Did you realize that today only three in ten couples remain in happy, healthy marriages? Divorce in the United States is epidemic. Meanwhile many in more casual non-marriage relationships may experience a revolving door of similar breakups and disappointment. So what’s in common with this success and failure? It all boils down to few traits or secrets if you will – kindness/generosity and what you’re looking for. These factors will either promote or doom your relationship.
Kindness is the first key. Whether or not you consider yourself kind is not important; you can alway build it up just like a muscle. The more your partner receives or observes kindness, the greater the chance they, too, will also be kind. Like muscles, some folks are gifted with stronger muscles, but everyone can develop this kindness muscle. It takes exercise and patient persistence on everyone’s part, but that effort leads to a upward spiral in the generosity and love in a relationship.
Think of it this way. When you are tired, disinterested, or distracted and your partner expresses a need, how do you respond? It’s easy to mumble something and continue on your way, but doing so will erode your emotional connection. Conversely, if you stop yourself and give full attention to your partner, that spells kindness. Neglect kills relationships as quickly as anything, allowing aggression and contempt to grow. The same factors even come into play in a fight. You can blindly react or alternatively communicate why your hurt or angry. Are you bringing kindness and generosity; or contempt, criticism, and hostility into each situation? Active constructive responding trumps hasty reactions every time.
The next key factor to relationship success or failure is predicated upon exactly what you are looking for. Are you searching for what your partner is doing right or expecting to find them doing something wrong or irritating? And if you do catch them failing in your eyes, do you at least appreciate their intent? We will all make mistakes, but isn’t it liberating when your partner is kind and generous as opposed to angry and critical with you when you goof up? Why not appreciate their good as well as their intent when things go wrong?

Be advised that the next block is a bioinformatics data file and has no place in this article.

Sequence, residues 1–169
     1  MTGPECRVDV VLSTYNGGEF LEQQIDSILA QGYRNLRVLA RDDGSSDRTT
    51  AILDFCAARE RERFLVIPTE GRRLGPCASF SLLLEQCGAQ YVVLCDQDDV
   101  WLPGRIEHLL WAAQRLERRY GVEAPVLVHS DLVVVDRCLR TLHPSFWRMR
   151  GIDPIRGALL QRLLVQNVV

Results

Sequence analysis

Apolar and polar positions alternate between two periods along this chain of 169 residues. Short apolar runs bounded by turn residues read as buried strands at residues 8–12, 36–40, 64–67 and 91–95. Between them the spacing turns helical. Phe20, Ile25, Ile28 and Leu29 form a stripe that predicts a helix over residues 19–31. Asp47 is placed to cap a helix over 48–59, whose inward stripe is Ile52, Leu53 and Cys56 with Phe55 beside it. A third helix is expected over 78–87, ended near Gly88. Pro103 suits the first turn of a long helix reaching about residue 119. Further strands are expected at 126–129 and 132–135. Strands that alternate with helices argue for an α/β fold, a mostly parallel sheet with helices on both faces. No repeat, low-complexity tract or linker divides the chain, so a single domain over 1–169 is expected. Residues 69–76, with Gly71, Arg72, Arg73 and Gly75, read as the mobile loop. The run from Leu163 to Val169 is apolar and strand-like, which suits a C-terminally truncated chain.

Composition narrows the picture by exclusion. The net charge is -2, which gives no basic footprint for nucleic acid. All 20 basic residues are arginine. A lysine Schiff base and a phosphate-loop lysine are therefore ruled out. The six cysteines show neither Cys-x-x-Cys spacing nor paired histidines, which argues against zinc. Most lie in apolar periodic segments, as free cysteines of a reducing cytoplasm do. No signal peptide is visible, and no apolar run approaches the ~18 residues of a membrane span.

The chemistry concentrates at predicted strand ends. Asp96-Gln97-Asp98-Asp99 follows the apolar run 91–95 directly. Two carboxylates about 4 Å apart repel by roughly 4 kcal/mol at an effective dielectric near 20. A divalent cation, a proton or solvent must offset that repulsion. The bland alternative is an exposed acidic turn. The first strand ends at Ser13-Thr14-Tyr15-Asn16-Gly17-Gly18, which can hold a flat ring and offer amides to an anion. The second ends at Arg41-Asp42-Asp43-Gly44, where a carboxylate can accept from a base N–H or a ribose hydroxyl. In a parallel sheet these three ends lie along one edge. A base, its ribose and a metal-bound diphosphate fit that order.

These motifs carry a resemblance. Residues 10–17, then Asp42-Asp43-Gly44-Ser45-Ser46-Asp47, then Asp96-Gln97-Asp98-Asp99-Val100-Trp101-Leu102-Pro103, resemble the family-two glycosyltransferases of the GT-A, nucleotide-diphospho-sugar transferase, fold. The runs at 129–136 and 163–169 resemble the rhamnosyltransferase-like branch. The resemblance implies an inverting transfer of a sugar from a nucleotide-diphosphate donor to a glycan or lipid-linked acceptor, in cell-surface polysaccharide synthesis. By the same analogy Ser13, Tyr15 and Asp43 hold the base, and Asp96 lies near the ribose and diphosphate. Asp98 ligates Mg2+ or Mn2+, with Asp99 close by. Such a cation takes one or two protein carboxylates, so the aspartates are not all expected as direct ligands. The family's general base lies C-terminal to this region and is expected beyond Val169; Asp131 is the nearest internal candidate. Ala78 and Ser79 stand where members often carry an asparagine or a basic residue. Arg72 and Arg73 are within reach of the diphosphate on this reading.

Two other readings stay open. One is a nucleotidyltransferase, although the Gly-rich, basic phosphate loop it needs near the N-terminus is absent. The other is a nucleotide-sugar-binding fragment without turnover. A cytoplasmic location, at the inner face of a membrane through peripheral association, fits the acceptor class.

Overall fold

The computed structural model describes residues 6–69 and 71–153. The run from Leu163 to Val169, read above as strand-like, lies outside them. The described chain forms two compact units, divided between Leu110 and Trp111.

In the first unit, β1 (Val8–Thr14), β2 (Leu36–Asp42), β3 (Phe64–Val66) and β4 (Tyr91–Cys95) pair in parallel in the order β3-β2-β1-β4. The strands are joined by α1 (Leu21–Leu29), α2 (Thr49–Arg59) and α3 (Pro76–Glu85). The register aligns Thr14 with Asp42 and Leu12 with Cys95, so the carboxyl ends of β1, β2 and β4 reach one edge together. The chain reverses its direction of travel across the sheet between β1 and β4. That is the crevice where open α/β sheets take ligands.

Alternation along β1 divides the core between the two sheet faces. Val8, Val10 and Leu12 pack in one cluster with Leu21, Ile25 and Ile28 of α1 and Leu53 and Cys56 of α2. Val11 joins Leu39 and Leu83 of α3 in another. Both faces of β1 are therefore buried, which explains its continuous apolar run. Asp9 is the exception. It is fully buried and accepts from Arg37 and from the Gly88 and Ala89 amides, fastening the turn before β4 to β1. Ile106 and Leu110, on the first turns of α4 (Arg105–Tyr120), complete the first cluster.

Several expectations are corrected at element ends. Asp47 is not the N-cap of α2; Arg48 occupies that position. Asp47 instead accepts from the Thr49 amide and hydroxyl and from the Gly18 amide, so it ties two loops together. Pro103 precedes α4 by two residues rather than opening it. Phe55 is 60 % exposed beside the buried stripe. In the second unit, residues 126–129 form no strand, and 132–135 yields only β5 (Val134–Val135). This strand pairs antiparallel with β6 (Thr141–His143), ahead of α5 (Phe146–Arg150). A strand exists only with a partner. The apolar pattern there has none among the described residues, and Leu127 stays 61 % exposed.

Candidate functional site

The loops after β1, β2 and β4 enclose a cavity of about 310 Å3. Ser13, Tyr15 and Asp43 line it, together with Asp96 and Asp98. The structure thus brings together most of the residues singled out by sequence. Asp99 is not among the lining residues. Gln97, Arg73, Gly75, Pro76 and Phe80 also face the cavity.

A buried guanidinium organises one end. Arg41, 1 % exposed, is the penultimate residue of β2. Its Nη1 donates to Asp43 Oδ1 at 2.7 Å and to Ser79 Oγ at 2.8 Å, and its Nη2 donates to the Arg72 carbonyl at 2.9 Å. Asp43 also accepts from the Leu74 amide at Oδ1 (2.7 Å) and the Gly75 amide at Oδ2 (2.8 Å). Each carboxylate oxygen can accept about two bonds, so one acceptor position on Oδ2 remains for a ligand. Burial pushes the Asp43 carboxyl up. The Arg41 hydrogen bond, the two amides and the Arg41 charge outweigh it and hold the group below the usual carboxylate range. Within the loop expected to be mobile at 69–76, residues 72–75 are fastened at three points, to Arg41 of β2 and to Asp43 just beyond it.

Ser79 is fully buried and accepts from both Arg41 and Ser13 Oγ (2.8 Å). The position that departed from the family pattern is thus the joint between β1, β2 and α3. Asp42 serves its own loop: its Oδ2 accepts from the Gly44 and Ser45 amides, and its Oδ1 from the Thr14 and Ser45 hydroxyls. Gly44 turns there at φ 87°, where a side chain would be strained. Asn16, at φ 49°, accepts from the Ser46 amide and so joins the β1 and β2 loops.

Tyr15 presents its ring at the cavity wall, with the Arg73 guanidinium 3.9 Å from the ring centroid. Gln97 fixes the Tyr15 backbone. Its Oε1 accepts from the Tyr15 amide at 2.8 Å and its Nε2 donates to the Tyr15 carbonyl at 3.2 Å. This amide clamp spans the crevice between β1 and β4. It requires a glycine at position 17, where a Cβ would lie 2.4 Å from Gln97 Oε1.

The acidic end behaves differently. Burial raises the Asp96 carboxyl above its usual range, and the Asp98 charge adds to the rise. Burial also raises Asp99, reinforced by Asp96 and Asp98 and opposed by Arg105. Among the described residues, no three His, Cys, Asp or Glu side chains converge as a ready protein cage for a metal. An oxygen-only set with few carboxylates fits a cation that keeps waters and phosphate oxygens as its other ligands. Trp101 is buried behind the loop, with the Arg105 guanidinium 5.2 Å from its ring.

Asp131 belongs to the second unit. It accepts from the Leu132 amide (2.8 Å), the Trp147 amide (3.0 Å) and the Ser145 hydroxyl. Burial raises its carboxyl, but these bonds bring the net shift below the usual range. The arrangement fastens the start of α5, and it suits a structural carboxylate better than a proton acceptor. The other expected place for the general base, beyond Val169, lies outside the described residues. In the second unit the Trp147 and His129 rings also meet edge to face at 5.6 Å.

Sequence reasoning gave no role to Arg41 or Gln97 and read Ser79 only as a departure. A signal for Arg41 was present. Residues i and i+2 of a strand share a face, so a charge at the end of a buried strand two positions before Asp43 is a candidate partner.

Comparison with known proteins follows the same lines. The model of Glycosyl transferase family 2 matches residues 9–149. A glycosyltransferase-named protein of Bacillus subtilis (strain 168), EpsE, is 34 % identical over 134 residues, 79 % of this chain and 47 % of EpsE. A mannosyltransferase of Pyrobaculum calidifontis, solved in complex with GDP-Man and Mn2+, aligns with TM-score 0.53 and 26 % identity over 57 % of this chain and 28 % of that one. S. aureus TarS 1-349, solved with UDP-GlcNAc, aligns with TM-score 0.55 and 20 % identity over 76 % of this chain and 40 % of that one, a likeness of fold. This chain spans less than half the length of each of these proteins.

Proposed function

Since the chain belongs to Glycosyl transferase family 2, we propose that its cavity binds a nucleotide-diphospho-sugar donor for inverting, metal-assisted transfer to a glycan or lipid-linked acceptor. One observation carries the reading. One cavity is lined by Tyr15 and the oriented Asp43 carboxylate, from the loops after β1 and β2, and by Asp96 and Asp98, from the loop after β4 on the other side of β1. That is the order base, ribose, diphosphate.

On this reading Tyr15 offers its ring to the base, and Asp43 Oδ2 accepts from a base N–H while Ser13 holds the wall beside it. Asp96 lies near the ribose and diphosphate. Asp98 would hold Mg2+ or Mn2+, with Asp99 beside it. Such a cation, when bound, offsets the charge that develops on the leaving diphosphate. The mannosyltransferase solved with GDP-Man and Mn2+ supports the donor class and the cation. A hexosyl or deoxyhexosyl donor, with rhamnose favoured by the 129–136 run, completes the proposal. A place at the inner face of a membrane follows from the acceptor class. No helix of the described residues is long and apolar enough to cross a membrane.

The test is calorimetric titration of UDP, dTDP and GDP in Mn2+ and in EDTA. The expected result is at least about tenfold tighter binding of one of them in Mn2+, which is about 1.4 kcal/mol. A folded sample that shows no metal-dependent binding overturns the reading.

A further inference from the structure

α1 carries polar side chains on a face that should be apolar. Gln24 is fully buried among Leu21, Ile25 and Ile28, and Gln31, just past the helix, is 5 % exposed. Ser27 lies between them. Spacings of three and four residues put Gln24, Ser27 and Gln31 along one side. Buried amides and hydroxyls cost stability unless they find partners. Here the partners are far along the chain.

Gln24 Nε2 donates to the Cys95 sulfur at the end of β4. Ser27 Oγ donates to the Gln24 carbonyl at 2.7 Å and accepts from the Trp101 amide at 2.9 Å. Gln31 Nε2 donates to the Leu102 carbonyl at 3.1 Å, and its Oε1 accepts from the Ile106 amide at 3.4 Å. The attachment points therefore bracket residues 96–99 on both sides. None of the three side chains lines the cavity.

Many of us have been told that we should be there to help our partners through the tough times, but how you share their joy is just as important, perhaps even more so. Greeting their joy with disinterest or worse is a relationship killer of the first degree. Their success is the time to celebrate, to get into the moment, enjoy their or your collective energy in an actively constructive manner. Are you a kill-joy or showing genuine, unadulterated interest? Your relationship or marriage will depend on it!
Thoughtful kindness, genuine interest and generosity, measured loving responses versus hasty reactions, and shared joy go a long, long way in predicting the longevity of a successful relationship. So does looking for the good in your partner. Be patient and cognizant for everyone will encounter some mishaps. These behaviors may take some practice. Most of all, be the change or person you want your partner to be. Remember to look for that good and include your partner’s intentions too, and also remember that kindness and generosity are infectious and eventually most partners will absorb these traits as well!